Should that occur, the mall’s new owners will instead seek to “maximize leasing potential,” Don Provost of Alberta Development Partners, the Denver-based developer planning a $100 million redevelopment of the mall, said in an interview.
In a related development, City Manager Darin Atteberry today said that the eminent domain decision would be postponed for 30 days because Sears officials agreed to sit down with Alberta.
The vote had been scheduled for Jan. 15, but instead, officials from the city and both companies will have a face-to-face meeting, Atteberry said.
If no agreement is reached, then eminent domain will be back on the table, he said.
Atteberry has been aware of Alberta’s resolve to abandon redevelopment plans if the Sears property cannot be acquired, he said Thursday. A lot of business people and community members want the development to happen, he said, and there are high expectations for the project.
Fort Collins Mayor Karen Weitkunat said that her sympathies are with the developer.
“I hear him,” she said. “It’s a matter of public good.”
The mayor explained that the mall’s redevelopment is key to the city’s hopes of revitalizing Midtown.
“It’s the sum of the parts, not just the mall. I’m talking about all of it. (Sears) is not on its own in this.”
Walton Foothills Holdings, the limited liability corporation formed by Walton Street Capital, purchased the mall last summer and is hoping to draw higher-end tenants and introduce other more upscale amenities as part of the redevelopment.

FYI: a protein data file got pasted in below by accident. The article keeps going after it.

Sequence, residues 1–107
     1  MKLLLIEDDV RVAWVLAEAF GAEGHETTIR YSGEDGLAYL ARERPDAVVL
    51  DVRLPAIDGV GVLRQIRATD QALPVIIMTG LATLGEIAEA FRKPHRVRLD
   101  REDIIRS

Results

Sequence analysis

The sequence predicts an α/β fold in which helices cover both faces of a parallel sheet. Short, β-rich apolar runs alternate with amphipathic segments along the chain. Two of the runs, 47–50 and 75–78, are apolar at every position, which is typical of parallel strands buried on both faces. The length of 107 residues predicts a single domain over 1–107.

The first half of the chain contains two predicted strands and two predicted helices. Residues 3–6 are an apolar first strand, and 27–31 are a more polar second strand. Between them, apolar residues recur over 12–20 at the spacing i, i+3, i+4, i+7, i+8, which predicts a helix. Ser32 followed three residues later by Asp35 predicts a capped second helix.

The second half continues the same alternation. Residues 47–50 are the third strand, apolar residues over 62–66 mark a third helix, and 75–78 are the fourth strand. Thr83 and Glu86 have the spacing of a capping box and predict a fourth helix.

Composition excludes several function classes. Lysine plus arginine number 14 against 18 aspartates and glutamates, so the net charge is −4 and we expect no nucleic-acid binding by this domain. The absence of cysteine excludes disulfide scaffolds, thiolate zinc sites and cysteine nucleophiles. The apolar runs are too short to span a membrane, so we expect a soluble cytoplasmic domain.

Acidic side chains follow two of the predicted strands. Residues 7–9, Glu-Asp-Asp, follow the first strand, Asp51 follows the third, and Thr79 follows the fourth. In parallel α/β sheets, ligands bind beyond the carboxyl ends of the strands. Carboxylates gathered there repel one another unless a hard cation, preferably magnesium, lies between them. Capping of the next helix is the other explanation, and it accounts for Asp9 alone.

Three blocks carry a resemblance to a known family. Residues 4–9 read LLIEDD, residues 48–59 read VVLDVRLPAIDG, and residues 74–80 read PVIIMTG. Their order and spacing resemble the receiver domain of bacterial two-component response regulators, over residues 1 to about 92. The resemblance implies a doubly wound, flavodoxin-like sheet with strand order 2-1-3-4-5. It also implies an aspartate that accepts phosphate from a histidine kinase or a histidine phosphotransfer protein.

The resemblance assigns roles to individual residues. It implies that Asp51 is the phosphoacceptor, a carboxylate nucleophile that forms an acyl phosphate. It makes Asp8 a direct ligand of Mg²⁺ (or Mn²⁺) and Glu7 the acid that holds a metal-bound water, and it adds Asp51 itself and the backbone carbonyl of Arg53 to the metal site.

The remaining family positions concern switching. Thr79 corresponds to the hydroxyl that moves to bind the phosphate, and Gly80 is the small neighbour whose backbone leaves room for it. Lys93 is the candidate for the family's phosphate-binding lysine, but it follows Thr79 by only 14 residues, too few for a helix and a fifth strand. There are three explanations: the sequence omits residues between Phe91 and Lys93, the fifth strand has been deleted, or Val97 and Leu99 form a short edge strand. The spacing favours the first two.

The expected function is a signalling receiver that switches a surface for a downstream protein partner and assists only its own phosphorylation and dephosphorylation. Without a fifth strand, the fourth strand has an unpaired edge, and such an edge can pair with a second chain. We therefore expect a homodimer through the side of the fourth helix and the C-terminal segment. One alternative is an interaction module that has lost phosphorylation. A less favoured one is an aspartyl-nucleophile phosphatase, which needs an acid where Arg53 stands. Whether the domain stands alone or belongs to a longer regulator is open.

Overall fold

But the developers have made it clear that Sears does not fit the tenant mix they are seeking and has offered to purchase the building that Sears inhabits.
It’s not that the developers object to Sears. Rather, the problem is that the location of Sears does not fit in with the developers’ plans, Provost said.
According to a letter submitted to Atteberry in his capacity as executive director of the Urban Renewal Authority, “the property owned by Sears is at a critical location within the overall mall property.”
The real estate there is being “underutilized,” according to Provost. The plans envisioned for that spot include two or three high-end anchor tenants, water features, new atriums and more.
The property also faces College Avenue, making it an important point of entry for the mall, even though existing street access will remain.
Because College Avenue is also a state highway, Provost said, no alterations can be made to create an access point directly from College Avenue. Right now, the easiest access to the mall from College is via Foothills Parkway.
Without access to the Sears property, Provost said, the developers will not be able to rehabilitate the infrastructure there. A Foothills Mall Existing Conditions Survey, produced by the city, shows that there are several problems with sidewalks, drainage and vehicle circulation at the mall.
Walton has made two offers to Sears for their property, neither of which garnered any response, according to Provost.
He declined to reveal how much was offered, but said an independent appraisal of the property ordered up by the city was “not much higher than the offers made.”